Repair: Olympus OM 28mm f/2.8
Bought this lens while picking up an OM-1n body from a former professional photographer here in Seattle. We got to talking and she mentioned that she had some other stuff in a box and I came home with a book, the lens, a cable release, and some other bits and boops. The lens is a really nice 28mm with a decently fast 2.8 aperture, it's super sharp up to f16, and it's tiny. However it came to me non-functional, the aperture ring was jammed tight and no amount of pushing and pulling would get it to move, and the aperture blades were sticky.
For the aperture ring, many Olympus lenses use a small ball bearing to provide a detente between f-stops. My hypothesis is that the ball bearing had moved out of it's little hole and had become jammed under the plate that moves over it. The fix for this issue involves opening up the front of the lens, unscrewing the name ring, and then readjusting the ball bearing.
This lens the name ring has spanner holes that are deep set and my spanner can't reach them. I tried to use a lens rubber tool (it's like a little rubber cup that you can use to unscrew plates with friction), but that didn't work. I tried putting the lens in the freezer for a few hours. I tried lubricating the threads with some Ronsonol. Really nothing worked.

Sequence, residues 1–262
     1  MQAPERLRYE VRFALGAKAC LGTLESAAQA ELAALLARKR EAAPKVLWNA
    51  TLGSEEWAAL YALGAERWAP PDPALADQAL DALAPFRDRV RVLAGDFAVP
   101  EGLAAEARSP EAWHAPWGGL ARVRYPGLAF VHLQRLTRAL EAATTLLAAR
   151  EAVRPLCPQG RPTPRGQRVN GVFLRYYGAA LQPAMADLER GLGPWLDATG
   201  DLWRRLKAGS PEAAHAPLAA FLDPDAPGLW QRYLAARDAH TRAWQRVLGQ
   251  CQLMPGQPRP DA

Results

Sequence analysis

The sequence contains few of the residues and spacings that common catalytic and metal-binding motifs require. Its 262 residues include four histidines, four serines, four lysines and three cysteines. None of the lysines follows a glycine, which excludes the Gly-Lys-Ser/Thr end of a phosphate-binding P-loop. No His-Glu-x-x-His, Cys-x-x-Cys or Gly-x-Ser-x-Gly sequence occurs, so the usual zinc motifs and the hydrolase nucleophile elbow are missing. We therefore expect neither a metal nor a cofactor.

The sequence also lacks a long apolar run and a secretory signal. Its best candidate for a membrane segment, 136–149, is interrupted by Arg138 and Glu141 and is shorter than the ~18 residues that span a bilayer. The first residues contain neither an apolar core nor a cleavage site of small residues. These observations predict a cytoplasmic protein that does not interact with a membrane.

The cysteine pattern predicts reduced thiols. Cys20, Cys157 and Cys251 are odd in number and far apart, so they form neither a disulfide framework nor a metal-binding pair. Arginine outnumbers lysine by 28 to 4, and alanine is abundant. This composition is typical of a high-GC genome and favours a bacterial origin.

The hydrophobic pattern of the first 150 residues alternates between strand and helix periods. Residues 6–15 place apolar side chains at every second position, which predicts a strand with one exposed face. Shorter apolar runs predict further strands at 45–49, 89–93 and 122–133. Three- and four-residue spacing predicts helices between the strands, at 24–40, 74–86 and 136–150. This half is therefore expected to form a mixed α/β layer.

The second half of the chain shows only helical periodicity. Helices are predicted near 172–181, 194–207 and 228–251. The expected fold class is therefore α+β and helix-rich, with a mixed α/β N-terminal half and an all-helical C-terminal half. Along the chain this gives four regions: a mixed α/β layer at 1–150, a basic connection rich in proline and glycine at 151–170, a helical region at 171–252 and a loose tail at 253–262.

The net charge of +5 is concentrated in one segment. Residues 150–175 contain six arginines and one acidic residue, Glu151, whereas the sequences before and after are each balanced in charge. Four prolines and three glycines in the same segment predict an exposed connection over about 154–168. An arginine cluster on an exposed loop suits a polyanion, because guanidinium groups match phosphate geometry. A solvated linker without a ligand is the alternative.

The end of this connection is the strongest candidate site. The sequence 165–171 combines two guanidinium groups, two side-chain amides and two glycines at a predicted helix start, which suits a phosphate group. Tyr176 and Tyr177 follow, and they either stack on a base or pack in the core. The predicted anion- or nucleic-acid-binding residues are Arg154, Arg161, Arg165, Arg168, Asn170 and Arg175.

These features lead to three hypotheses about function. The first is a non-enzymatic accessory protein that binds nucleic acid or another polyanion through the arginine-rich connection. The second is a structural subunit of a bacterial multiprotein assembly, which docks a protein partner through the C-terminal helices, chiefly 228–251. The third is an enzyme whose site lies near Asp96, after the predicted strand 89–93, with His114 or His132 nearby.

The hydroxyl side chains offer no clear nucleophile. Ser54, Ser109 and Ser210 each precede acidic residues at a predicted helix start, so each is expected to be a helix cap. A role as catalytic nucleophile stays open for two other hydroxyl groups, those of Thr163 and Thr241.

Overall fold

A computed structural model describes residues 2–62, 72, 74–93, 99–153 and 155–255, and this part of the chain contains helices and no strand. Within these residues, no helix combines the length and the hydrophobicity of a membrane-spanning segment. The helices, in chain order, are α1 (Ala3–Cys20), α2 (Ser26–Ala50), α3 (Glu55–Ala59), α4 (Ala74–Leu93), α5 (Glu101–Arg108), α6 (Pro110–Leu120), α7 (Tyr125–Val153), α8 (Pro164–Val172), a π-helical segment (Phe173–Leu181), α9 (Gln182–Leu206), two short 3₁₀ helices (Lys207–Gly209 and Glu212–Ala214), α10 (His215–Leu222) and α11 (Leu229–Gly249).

I built this contraption to get more pressure on the name plate. One of the problems I was having is that this rubber cub set isn't very stiff and will fold with enough pressure. This set up gives more structure to the cup. With the lens turned upside down and pushing down into the table I pushed pretty hard, the name ring didn't move... but the aperture ring did! After that the ring moved perfectly with a really nice perfect clickyness.
For the sticky shutter blades involves opening up the other side of the lens. It's pretty straightforward, three screws hold the back plate on. Mine were pretty tight but a drop of Acetone got them moving. Below the plate there is a trio of plates that interface with the aperture check and lens release buttons on the side of the lens.
The common failure point for the blades is for a bit of lubricant to drip down onto those plates and just increases the friction enough to drag the blade movement down. A little IPA and a cotton swap to clean them up got them moving nicely again, and with that the lens was back in action.